Individual study: Assessment of effectiveness of protection strategies for large mammal herbivores in Tanzania
Stoner C., Caro T., Mduma S., Mlingwa C., Sabuni G. & Borner M. (2007) Assessment of effectiveness of protection strategies in Tanzania based on a decade of survey data for large herbivores. Conservation Biology, 21, 635-646
This study is summarised as evidence for the intervention(s) shown on the right. The icon shows which synopsis it is relevant to.
Legally protect habitat for mammals
A replicated, paired, site comparison study in 1990–2001 in seven savanna areas in Tanzania (Stoner et al. 2007) found that populations of more mammal species increased inside protected national parks than in adjacent unprotected areas, but that population declines were also more frequent in protected than unprotected areas. In all seven comparisons, populations of more mammal species increased in national parks (0–20%) than in unprotected areas (0–5%). However, in six of seven comparisons, populations of more mammal species also declined in national parks (5–62%) than in unprotected areas (0–21%). In one of seven comparisons, the opposite was found (national parks: 0%, unprotected areas: 22%). Between May 1990 and May 2001, large mammals in seven zones, each spanning a national park and surrounding area, were surveyed from aeroplanes. Planes followed transects and two observers recorded numbers of animals seen between parallel rods attached to the aircraft. Population densities were calculated and assigned to cells covering the area surveyed. Population estimates over 10 years in each cell were used to determine changes in both protected and unprotected areas.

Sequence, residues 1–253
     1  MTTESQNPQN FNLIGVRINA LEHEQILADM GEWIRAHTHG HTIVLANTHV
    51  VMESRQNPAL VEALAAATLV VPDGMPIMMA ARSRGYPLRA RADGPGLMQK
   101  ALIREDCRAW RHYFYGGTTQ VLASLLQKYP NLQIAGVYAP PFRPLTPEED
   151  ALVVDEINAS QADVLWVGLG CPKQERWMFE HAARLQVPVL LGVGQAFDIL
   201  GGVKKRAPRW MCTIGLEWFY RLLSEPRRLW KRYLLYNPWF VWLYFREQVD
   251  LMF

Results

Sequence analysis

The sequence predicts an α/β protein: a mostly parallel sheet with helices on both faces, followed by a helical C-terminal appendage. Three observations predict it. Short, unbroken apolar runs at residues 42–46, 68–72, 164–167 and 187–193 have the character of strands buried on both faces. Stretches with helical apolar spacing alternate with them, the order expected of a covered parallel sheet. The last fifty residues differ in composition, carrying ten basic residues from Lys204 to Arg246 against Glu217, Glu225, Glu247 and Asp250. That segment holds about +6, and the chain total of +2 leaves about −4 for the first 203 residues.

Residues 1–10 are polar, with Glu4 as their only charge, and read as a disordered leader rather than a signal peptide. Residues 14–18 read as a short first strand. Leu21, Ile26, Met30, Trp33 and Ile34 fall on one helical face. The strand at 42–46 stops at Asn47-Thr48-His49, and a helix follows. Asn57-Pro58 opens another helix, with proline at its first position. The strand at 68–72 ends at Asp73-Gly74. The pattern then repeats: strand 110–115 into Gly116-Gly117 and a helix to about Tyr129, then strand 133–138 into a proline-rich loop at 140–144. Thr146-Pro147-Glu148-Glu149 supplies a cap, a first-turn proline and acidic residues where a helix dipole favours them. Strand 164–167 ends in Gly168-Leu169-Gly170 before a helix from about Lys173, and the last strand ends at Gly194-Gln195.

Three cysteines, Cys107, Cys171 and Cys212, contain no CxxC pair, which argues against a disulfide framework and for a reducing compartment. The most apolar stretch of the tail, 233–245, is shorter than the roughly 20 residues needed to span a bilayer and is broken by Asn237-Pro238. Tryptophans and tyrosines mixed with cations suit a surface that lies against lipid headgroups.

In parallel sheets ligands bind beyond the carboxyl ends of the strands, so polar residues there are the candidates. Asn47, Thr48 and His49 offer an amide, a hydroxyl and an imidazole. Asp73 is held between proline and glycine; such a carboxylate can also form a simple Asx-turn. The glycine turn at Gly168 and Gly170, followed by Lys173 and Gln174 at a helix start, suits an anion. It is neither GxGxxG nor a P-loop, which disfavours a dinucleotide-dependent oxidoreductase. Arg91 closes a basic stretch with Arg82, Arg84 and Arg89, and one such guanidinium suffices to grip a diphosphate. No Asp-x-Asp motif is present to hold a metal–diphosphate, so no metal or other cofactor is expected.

(Summarised by Phil Martin)